Aramco may have to sell assets, borrow more to maintain Saudi dividend
By Saeed Azhar and Hadeel Al Sayegh DUBAI (Reuters) - Oil giant Aramco, whose dividend remains vital to helping Saudi Arabia contain a huge deficit, may have to sell assets and borrow more to fulfil its fiscal role amid uncertainty in oil prices, market specialists said. While Saudi Arabia has increased non-oil revenues this year, Aramco still accounted for more than half its total income, and will be key to containing a budget shortfall this year forecast at 298 billion riyals ($79.4 billion), or 12% of GDP
By Saeed Azhar and Hadeel Al Sayegh
DUBAI (Reuters) - Oil giant Aramco, whose dividend remains vital to helping Saudi Arabia contain a huge deficit, may have to sell assets and borrow more to fulfil its fiscal role amid uncertainty in oil prices, market specialists said.
While Saudi Arabia has increased non-oil revenues this year, Aramco still accounted for more than half its total income, and will be key to containing a budget shortfall this year forecast at 298 billion riyals ($79.4 billion), or 12% of GDP.
Aramco, the world's largest oil producer, listed in 2019 in a record $29.4 billion share sale, but the government still owns 98.2% of the group.
Though its profits plummeted this year as oil prices tumbled during the COVID-19 pandemic, the company is sticking to a promised $75 billion annual dividend that will go almost entirely to the government.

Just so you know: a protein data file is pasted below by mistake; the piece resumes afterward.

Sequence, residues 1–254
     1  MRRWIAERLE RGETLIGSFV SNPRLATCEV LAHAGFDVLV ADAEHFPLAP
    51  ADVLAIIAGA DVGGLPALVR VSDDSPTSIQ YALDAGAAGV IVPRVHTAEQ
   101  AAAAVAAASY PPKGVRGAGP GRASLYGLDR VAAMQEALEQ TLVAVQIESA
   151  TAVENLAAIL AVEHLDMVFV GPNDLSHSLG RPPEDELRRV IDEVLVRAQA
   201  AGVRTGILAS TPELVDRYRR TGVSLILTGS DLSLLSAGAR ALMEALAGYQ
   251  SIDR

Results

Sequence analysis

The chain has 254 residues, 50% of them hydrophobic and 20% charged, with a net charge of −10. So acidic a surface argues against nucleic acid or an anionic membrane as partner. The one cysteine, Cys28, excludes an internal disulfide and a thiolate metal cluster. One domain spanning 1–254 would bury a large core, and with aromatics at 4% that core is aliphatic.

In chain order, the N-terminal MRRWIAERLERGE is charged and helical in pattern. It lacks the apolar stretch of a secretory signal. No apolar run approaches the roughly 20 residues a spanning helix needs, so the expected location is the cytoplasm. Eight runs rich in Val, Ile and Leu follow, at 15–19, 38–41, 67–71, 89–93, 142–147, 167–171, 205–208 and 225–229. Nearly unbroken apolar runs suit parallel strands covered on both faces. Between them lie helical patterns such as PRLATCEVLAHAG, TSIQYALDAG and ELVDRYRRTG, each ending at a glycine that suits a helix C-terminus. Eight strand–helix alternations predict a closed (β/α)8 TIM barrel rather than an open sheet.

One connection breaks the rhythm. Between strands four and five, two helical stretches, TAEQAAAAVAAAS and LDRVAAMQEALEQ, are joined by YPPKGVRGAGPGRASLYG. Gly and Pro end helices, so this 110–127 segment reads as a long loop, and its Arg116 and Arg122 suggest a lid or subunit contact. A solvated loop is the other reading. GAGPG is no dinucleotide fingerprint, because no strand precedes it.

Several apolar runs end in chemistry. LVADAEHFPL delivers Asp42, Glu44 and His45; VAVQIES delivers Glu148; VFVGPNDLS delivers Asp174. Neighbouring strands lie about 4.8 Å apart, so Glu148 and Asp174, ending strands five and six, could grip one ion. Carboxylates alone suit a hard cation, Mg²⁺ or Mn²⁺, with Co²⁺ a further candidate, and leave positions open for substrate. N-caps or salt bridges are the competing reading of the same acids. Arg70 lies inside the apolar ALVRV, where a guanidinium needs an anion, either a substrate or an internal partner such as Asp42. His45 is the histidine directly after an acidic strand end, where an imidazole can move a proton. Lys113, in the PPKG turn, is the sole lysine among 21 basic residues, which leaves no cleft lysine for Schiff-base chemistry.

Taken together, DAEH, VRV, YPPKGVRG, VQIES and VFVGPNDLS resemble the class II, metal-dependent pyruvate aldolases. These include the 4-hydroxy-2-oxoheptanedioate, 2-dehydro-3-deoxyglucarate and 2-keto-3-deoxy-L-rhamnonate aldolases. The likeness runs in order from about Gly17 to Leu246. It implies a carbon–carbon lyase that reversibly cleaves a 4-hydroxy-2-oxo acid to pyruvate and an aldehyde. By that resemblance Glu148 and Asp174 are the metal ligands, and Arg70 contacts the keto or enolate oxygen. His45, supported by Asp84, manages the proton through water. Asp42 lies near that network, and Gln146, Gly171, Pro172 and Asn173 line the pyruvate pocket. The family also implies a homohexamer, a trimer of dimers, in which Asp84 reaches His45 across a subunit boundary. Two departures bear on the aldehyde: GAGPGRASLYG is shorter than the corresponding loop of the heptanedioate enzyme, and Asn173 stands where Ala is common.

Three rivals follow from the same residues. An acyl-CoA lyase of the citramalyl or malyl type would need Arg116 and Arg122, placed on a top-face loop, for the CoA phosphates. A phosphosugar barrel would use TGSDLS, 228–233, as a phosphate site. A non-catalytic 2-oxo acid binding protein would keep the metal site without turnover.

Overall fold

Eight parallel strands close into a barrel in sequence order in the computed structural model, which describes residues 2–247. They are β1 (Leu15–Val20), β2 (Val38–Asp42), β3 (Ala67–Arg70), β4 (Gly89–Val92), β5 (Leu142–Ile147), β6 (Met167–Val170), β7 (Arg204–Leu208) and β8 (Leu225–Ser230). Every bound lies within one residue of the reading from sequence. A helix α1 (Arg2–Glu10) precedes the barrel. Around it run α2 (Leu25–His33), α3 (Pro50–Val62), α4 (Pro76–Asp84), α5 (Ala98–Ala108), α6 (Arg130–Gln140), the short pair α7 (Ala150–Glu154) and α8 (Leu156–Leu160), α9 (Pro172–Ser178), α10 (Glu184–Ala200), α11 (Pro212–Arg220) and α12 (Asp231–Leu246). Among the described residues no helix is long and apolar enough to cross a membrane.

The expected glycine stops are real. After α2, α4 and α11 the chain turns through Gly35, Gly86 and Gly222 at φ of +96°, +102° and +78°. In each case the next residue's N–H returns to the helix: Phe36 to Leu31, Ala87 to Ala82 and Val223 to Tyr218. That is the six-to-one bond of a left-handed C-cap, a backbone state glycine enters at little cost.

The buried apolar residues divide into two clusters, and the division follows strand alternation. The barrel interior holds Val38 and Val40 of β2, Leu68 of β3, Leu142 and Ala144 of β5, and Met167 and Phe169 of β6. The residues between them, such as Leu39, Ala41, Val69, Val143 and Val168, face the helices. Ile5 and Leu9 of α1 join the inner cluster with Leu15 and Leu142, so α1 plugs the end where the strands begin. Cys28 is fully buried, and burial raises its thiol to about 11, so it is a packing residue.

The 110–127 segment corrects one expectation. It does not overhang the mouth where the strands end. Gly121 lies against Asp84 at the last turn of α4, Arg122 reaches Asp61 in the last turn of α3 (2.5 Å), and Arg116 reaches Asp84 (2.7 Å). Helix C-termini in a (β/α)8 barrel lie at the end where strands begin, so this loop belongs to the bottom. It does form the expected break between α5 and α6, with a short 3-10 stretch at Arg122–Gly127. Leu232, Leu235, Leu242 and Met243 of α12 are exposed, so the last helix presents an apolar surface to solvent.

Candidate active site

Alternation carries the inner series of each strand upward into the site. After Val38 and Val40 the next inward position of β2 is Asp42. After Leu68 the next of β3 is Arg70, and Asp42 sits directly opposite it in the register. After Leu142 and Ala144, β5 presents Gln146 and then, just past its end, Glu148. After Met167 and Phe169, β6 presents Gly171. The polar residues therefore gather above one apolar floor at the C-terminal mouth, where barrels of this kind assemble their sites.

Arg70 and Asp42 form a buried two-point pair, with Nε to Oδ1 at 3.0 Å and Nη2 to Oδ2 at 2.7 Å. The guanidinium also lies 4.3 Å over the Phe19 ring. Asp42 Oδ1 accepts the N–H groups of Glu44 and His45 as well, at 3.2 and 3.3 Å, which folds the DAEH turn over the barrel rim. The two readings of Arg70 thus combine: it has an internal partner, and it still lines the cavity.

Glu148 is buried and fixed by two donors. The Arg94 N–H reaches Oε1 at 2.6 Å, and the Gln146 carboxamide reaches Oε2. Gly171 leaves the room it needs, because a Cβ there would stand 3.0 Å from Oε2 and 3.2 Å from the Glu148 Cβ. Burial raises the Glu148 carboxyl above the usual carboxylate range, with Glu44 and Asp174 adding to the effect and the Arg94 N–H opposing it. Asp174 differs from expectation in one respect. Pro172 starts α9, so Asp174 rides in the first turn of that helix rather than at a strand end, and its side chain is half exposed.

While it is not obliged to maintain such a high payout, economists expect the firm to continue to offer the same support to state coffers next year.
"They can adjust the dividend to government lower, but they are more likely to maintain or increase the $75 billion and borrow if needs be," said James Reeve, chief economist at banking firm Samba Financial Group.
Aramco declined to comment.
With oil prices at $50 per barrel or above, Aramco should be able to fund the $75 billion dividend and capex from operating cash flows, said Dmitry Marinchenko, senior director at Fitch.
"However if oil prices are lower the committed dividend level becomes unsustainable, and Aramco would need to attract additional external debt or sell assets to fund it."
For Yousef Husseini, equity analyst at EFG Hermes, it would make sense for Aramco to do some sale and leaseback-type agreements to improve liquidity.
Aramco is working with Moelis & Co on such a strategy, two sources said. Moelis also declined to comment.
The company is already weighing up a more than $10 billion sale of a stake in its pipeline assets to global investors, and could sell more assets to raise cash, according to sources familiar with the matter.
Aramco also issued international bonds for the second time this year, raising $8 billion.
"If oil prices range around $50 per barrel, Aramco will probably need to tap the market again even if they manage to sell some of their assets," said Alberto Bigolin, head of MENA fixed income at StoneX Group.
"But I think it will be able to do so quite nimbly given how tight the credit markets are."
In its 2021 budget, published this week, the government has not disclosed the projected share of oil revenue for next year. Finance Minister Mohammed al-Jadaan said as Aramco has become a public company, discussing projections would be very sensitive.
Basing its estimates on a Brent price of $48 per barrel, Al Rajhi Capital said it expects government oil revenues to range from 400 to 500 billion riyals ($106.6 billion-$133.3 billion) next year, depending on Aramco’s dividends.
($1 = 3.7513 riyals)
(Reporting by Saeed Azhar, Hadeel Al Sayegh, Saba Yousef and Davide Barbuscia; Editing by Jan Harvey)
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